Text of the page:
Neurodegenerative disorders: treatment with neurotrophic factors

K K Jain MD (Dr. Jain is a consultant in neurology and has no relevant financial relationships to disclose.)
Originally released September 12, 1997; last updated August 17, 2017; expires August 17, 2020

Overview

Neurotrophic factors are polypeptides that regulate the proliferation, survival, migration, and differentiation of cells in the nervous system. Neurotrophic factor therapy is based on the evidence that these factors stimulate the survival of degenerating neurons. This article reviews the role of neurotrophic factors for therapy of neurodegenerative disorders. Delivery to the CNS is a problem because the large neurotrophic molecules cannot cross the blood-brain barrier, and methods to overcome this are described. Several clinical trials have failed, but others are in progress. Gene therapy with stereotactic implantation into the putamen of the gene for neurturin, a member of the same family as glial cell line–derived neurotrophic factor, is in phase II clinical trials for Parkinson disease. A similar gene therapy approach for Alzheimer disease using nerve growth factor has shown neuroprotective effect in phase I clinical trials. Vascular endothelial growth factor, delivered by an intracerebroventricular pump, is in phase II/III clinical trials for amyotrophic lateral sclerosis.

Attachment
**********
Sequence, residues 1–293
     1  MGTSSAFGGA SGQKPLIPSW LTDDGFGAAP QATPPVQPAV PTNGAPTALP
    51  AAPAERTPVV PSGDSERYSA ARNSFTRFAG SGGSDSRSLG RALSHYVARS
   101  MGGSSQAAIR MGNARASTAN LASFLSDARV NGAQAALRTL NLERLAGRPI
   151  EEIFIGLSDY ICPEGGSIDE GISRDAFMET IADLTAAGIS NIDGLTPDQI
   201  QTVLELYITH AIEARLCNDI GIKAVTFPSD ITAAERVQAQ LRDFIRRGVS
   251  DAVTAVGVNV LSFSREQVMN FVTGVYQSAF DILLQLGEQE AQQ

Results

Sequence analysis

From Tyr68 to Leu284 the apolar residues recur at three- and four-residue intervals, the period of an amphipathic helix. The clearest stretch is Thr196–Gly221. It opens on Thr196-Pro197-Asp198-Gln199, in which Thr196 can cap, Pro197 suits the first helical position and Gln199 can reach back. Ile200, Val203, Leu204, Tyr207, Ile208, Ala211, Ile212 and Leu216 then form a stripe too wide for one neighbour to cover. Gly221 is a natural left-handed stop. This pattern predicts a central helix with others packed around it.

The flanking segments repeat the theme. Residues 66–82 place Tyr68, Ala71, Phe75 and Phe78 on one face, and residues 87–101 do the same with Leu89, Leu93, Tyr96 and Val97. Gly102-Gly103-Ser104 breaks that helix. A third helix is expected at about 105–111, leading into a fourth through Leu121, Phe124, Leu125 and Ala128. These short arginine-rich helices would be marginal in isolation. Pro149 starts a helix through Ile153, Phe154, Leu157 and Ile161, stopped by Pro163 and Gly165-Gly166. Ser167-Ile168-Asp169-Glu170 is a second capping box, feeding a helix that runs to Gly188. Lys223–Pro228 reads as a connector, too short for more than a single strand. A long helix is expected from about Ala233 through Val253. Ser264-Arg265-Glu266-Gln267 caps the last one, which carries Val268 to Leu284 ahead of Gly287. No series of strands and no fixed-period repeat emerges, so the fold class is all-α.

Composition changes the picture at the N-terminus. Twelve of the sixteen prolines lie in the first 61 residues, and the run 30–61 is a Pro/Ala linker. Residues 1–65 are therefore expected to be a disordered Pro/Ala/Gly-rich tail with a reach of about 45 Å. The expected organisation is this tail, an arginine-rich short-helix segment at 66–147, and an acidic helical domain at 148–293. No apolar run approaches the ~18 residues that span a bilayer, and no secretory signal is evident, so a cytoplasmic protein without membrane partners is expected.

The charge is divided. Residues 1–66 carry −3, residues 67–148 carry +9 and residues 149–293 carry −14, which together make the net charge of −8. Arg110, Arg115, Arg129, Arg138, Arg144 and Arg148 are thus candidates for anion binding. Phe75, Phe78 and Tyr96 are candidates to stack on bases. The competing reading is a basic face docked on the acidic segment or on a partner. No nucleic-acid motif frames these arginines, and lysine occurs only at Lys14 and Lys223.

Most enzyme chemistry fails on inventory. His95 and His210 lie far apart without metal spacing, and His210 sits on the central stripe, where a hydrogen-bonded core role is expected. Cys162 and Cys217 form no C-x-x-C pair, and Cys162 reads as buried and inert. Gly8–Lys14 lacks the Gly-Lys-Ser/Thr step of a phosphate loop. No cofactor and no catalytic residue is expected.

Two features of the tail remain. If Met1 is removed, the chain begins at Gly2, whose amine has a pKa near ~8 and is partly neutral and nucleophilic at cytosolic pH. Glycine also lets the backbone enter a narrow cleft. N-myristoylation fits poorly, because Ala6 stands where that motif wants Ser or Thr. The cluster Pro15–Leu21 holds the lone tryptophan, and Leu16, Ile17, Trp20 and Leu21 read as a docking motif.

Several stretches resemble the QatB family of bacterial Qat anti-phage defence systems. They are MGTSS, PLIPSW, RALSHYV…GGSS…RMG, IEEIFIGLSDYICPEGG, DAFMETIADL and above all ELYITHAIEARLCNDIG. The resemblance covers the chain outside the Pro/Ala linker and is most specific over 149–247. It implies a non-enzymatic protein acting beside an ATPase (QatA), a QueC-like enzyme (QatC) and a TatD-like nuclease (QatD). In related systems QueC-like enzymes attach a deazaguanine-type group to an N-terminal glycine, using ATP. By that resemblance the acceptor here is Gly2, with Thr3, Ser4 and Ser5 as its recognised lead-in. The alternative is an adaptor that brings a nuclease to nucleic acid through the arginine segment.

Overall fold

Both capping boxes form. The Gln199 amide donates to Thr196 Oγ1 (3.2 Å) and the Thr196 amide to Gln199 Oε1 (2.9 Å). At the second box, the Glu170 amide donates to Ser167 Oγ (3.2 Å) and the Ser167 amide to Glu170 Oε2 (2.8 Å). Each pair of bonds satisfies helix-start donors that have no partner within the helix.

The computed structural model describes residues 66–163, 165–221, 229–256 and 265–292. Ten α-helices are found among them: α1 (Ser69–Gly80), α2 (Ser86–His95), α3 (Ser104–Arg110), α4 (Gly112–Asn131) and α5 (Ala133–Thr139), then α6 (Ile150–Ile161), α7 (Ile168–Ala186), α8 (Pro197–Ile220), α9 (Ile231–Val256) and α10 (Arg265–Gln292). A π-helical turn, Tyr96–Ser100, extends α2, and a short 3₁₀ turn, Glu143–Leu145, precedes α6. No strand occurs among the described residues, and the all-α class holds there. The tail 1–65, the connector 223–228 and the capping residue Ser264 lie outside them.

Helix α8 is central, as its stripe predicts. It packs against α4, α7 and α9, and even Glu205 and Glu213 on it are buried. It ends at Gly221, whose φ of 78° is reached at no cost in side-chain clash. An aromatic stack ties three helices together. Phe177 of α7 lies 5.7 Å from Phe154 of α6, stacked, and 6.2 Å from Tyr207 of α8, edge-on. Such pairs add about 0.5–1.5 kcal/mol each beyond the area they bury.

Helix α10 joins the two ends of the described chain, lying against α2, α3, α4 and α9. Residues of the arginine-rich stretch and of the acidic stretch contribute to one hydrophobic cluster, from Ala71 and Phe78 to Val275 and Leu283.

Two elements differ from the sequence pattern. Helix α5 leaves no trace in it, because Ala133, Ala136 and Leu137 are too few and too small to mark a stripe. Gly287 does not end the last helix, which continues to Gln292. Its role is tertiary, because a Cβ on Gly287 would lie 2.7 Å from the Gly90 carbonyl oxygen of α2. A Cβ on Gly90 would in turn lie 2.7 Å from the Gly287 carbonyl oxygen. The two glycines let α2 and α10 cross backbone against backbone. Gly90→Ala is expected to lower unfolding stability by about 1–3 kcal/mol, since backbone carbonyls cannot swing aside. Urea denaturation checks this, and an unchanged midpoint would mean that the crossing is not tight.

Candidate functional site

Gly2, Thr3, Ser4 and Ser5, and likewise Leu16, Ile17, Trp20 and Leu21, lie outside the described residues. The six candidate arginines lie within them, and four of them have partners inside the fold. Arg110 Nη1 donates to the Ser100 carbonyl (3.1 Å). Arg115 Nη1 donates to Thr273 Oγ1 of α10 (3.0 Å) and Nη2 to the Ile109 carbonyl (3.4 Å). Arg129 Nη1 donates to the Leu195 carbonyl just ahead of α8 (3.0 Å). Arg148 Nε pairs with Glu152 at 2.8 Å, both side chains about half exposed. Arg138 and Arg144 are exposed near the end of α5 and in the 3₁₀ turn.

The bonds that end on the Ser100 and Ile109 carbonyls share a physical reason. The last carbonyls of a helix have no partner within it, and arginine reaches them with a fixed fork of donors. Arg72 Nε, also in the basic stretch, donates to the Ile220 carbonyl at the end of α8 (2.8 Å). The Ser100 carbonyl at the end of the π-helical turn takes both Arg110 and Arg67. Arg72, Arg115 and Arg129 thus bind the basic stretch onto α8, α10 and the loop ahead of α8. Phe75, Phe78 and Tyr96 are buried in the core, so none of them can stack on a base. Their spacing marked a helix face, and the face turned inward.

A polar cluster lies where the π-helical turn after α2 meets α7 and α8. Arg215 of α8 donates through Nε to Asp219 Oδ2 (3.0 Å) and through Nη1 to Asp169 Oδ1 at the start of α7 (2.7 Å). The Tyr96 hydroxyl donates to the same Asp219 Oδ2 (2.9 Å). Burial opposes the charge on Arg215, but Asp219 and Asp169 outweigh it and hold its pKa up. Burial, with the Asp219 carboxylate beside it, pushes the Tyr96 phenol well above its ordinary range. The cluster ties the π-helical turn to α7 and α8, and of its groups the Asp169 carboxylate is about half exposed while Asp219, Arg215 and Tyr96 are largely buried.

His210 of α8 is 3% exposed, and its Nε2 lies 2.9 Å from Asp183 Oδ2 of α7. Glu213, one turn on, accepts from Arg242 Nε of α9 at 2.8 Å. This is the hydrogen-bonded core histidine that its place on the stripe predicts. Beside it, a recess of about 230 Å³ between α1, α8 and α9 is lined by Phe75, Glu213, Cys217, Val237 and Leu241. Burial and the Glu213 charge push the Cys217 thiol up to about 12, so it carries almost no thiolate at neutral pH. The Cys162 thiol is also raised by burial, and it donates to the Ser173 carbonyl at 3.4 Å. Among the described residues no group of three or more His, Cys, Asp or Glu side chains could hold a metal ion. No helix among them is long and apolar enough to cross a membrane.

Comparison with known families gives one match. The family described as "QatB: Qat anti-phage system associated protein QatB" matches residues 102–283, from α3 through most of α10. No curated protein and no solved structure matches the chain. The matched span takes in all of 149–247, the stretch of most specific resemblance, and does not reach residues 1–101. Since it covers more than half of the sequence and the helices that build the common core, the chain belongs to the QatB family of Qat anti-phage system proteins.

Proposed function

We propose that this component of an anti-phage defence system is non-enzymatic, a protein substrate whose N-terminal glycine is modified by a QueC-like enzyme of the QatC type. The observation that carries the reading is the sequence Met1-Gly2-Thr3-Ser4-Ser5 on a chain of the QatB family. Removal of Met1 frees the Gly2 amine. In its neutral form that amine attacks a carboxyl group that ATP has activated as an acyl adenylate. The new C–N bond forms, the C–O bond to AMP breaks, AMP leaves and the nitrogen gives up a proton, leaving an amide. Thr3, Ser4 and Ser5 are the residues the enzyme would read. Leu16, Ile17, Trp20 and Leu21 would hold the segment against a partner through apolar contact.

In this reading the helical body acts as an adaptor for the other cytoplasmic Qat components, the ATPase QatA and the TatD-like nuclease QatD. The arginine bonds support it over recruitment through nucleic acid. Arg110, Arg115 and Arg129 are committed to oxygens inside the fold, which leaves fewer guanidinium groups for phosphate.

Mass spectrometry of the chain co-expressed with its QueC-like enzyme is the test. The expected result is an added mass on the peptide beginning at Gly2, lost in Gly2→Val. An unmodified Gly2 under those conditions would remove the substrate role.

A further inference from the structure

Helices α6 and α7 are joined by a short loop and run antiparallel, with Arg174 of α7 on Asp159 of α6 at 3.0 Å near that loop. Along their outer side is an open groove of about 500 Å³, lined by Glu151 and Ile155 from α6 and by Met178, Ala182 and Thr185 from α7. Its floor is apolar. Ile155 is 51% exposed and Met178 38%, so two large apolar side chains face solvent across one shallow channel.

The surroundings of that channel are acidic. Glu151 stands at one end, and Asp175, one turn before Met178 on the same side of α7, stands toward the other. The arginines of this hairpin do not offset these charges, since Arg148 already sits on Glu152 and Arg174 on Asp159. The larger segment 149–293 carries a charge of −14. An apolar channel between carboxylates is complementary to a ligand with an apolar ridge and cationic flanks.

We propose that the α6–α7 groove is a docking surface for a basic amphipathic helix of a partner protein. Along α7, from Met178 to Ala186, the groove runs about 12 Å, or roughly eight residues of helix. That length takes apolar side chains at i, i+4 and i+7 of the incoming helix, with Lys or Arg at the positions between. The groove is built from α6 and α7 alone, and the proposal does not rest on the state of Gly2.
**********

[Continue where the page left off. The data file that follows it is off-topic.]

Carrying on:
Key points

 

• Neurotrophic factor therapy is based on the evidence that growth factors stimulate the survival of neurons that degenerate in neurologic disorders.

 

• Most of the clinical trials of neurotrophic factors in neurodegenerative disorders have not been successful.

 

• Delivery of neurotrophic factors to the brain has been improved by cell and gene therapies.

Historical note and terminology

A trophic factor can be generally defined as any molecule that supports the survival of neurons. Nerve growth factors are polypeptides that regulate the proliferation, survival, migration, and differentiation of cells in the nervous system. Most of the studies have focused on the effect of growth factors on neuronal survival and maintenance, hence, the term neurotrophic factors. A neurotrophic factor is synthesized by and released from target cells of the neurons bound to specific receptors, and then it is internalized and transported by retrograde axonal transport to the cell soma where multiple survival-promoting effects are initiated.

Growth factors termed cytokines have also been found to modulate neuronal processes. Originally, cytokines were considered to be derived solely from the cells of the immune system, but now they are known to be produced by the cells of the CNS also. In this article, the term neurotrophic factors will be used in a broad sense to cover neurotrophins (nerve growth factor, brain-derived neurotrophic factor, and neurotrophins), growth factors, and other substances that promote survival and repair of the cells of the nervous system.

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